This award is presented by AIChE to honor an individual with outstanding contributions in Environmental Chemical Engineering in the early stages of the career.Read more about Fengqi You wins 2017 Environmental Division Early Career Award from AIChE
BME to launch exchange program with Tanzanian college
An exchange program between the Nancy E. and Peter C. Meinig School of Biomedical Engineering (BME) and the Department of Biomedical Engineering at the Arusha Technical College (ATC) in Arusha, Tanzania will be launching in the spring of 2019.
This exchange program has its roots in a 2013 collaboration between a hospital in Tanzania and some Cornell BME PhD students. One of the Cornell students visited ATC during that collaboration, and over the years the connections between ATC and Cornell have deepened. One of the founding faculty members of the Biomedical Engineering Department at ATC, Menensili Mejooli, is now a Ph.D. student in the lab of Meinig School Associate Professor Chris Schaffer.
In December 2017 Schaffer and fellow BME faculty member Nozomi Nishimura travelled to Arusha and, along with several faculty members of ATC, developed the exchange program. “We were so impressed by what they have been able to do at ATC,” says Schaffer. “They have been able to solve a tough problem that faces so many academic programs: how can your students take what they are learning in the classroom and see those concepts applied in the field, with the potential to have an immediate positive impact in the world?”
“The biomedical engineering students at ATC have great skills and a lot of knowledge of how devices work and how they sometimes fail in clinics and hospitals,” says Nishimura. “Through the exchange program, Cornell students will have the opportunity to work side-by-side with them as they tackle projects in Tanzania.”
The following semester, the ATC students will come to Cornell and work with their Cornell counterparts on senior design projects, as well as take a short course focused on human biology, physiology, and disease team-taught by BME faculty.
During the first week of September, 2018 four faculty members from ATC came to Ithaca to meet with Nishimura and Schaffer. During their stay, Department Head Nicodemus Mbwambo, Professor Shaban Ramadhani, Professor Omary Mzava, and Professor Ally Ngulugulu toured the BME facilities and finalized details of the exchange program. They also had a chance to discuss other avenues for collaboration between the Meinig School and ATC.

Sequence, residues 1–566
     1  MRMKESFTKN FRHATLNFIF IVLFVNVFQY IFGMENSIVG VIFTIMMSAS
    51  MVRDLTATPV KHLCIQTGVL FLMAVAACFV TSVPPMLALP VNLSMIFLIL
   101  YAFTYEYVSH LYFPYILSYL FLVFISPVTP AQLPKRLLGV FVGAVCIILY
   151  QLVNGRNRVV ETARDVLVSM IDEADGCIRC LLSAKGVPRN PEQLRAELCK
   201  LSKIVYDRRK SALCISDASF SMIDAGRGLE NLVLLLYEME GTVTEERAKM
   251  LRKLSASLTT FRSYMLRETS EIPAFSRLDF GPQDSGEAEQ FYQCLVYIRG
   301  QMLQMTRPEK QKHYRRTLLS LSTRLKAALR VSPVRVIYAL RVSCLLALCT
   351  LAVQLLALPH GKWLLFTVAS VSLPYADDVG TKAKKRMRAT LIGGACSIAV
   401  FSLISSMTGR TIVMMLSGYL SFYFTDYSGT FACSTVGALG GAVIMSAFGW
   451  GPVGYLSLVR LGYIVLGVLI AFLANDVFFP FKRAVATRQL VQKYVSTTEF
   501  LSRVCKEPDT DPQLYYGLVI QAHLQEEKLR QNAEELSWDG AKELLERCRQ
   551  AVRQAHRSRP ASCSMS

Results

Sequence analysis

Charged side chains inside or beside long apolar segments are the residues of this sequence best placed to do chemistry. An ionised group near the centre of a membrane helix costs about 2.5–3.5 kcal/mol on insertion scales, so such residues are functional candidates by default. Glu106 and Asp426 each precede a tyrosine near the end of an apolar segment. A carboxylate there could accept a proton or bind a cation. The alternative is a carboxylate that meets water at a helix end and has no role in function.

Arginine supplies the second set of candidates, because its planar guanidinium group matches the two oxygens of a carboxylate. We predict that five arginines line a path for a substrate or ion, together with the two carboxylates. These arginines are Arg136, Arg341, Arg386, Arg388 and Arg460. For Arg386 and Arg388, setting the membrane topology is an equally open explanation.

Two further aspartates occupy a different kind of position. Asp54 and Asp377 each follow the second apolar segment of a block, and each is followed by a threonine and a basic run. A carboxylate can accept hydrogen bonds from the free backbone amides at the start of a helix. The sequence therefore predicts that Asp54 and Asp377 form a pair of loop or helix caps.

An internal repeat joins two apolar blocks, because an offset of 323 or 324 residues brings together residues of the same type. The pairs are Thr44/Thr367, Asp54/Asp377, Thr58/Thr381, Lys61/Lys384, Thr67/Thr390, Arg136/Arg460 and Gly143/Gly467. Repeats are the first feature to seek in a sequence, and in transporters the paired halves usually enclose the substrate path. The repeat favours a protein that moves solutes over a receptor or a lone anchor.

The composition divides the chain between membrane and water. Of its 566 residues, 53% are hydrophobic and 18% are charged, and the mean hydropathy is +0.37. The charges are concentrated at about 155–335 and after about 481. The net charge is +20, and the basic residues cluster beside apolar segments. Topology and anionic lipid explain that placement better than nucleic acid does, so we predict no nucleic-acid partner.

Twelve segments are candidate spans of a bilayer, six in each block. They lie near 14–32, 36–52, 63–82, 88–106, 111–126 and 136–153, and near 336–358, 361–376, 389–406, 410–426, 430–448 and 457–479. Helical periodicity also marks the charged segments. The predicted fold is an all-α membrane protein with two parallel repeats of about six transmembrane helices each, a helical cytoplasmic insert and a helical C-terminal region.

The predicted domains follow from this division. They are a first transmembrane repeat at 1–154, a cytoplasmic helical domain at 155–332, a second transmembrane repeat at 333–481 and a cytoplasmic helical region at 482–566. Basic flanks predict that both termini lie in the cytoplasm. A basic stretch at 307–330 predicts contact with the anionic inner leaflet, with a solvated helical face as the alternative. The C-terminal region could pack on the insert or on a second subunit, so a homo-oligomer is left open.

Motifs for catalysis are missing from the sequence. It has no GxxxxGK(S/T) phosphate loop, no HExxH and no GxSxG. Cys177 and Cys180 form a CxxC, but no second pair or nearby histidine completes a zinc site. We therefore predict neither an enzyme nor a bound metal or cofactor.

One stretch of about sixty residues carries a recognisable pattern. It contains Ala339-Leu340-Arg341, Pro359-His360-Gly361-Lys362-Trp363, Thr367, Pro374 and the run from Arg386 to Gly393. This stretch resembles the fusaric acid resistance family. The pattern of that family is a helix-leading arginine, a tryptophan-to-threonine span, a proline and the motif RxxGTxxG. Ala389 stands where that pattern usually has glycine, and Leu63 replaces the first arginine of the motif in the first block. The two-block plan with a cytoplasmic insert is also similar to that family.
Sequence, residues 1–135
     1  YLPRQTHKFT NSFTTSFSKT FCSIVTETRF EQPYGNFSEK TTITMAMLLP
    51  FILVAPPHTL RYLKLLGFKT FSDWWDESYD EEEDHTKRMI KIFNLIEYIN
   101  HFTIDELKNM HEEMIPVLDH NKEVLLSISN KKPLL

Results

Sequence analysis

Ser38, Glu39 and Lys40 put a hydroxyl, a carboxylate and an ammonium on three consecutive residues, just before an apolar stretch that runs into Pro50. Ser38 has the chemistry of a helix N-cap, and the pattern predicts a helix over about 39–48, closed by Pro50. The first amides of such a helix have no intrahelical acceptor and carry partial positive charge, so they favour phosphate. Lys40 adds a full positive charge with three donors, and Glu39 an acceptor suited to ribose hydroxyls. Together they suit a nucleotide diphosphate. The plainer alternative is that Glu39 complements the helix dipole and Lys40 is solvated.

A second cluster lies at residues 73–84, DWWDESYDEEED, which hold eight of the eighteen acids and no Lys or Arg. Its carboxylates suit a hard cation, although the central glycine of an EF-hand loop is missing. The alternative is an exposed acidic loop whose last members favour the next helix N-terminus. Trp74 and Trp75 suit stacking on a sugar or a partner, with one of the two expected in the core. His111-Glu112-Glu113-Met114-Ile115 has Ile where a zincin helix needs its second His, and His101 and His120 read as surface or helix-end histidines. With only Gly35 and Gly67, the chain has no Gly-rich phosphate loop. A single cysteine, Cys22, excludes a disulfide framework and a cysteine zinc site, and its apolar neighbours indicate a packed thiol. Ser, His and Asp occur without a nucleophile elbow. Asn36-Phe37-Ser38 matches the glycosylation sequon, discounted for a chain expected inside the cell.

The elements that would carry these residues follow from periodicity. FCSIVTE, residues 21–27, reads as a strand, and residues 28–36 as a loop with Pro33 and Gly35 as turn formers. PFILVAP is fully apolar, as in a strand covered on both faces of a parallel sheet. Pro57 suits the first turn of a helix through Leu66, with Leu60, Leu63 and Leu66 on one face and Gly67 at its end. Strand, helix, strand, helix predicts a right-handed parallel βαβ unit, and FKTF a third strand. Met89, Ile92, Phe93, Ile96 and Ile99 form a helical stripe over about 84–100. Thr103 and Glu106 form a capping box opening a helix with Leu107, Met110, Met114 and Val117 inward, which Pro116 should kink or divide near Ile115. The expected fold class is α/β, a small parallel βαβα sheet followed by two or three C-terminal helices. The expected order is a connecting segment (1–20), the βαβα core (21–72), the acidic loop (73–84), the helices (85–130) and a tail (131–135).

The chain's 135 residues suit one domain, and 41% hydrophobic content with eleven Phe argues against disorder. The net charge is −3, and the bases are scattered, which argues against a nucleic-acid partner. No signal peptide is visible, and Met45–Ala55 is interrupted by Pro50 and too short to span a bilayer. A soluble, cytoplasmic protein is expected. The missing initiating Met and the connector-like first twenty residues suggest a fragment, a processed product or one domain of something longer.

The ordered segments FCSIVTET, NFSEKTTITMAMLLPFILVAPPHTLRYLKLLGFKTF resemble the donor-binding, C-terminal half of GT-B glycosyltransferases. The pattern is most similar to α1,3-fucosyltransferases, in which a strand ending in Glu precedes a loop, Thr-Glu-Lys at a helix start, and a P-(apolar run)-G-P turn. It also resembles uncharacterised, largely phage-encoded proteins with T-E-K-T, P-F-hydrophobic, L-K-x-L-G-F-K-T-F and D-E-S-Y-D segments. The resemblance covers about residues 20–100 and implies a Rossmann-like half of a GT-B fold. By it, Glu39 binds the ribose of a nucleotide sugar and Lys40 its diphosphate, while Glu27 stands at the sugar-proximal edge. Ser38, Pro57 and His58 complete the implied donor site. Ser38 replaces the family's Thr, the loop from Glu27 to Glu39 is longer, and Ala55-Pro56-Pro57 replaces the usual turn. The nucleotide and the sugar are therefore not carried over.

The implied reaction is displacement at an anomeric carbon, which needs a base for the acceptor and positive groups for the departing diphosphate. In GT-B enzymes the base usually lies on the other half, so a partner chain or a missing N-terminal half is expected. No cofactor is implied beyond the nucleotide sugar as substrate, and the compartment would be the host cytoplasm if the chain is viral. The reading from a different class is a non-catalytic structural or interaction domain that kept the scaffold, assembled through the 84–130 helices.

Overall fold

On the final day of the ATC faculty visit, the group gathered in the Weill Hall office of Nishimura. Schaffer and Nishimura joined the group as they told the story of biomedical engineering at ATC and gave some of their impressions of Cornell.
Mbwambo found the visit to Cornell valuable and enlightening. “I was so impressed by the facilities here,” he said. “They are world-class. And the sheer amount of research happening in so many fields is mind-boggling. Also, the faculty here have a real sense of cooperation and working together to achieve a goal. This is a sense I hope to take back home to the faculty at ATC.”
“Nicodemus won’t tell you this,” said Schaffer, “but it has taken years of hard effort and good work for ATC to build the relationships and the trust of so many hospitals and health care providers in Tanzania. It’s not something that just happened. Nicodemus and the other faculty and students made it happen. And now ATC is the hub for medical technology for all of northern Tanzania.”
“Our students don’t always get to see how things are used out in the field,” adds Schaffer. “This exchange will give them the chance to see that, and it might even end up affecting their designs for future medical devices once they see how things actually fail.”
In addition to the launch of a new exchange program, Nishimura was pleased to announce that she has won a Changing the Face of STEM (CTFS) Grant from L’Oreal to support one female Tanzanian student involved in the ATC exchange program in its inaugural year. As a past winner of a L’Oreal USA For Women in Science Fellowship, Nishimura was eligible to apply for the CTFS grant. “This will enable a female Tanzanian student to participate in the program and it will strengthen the network of women in the biomedical engineering profession,” says Nishimura.
The exchange program is slated to start in the summer of 2019.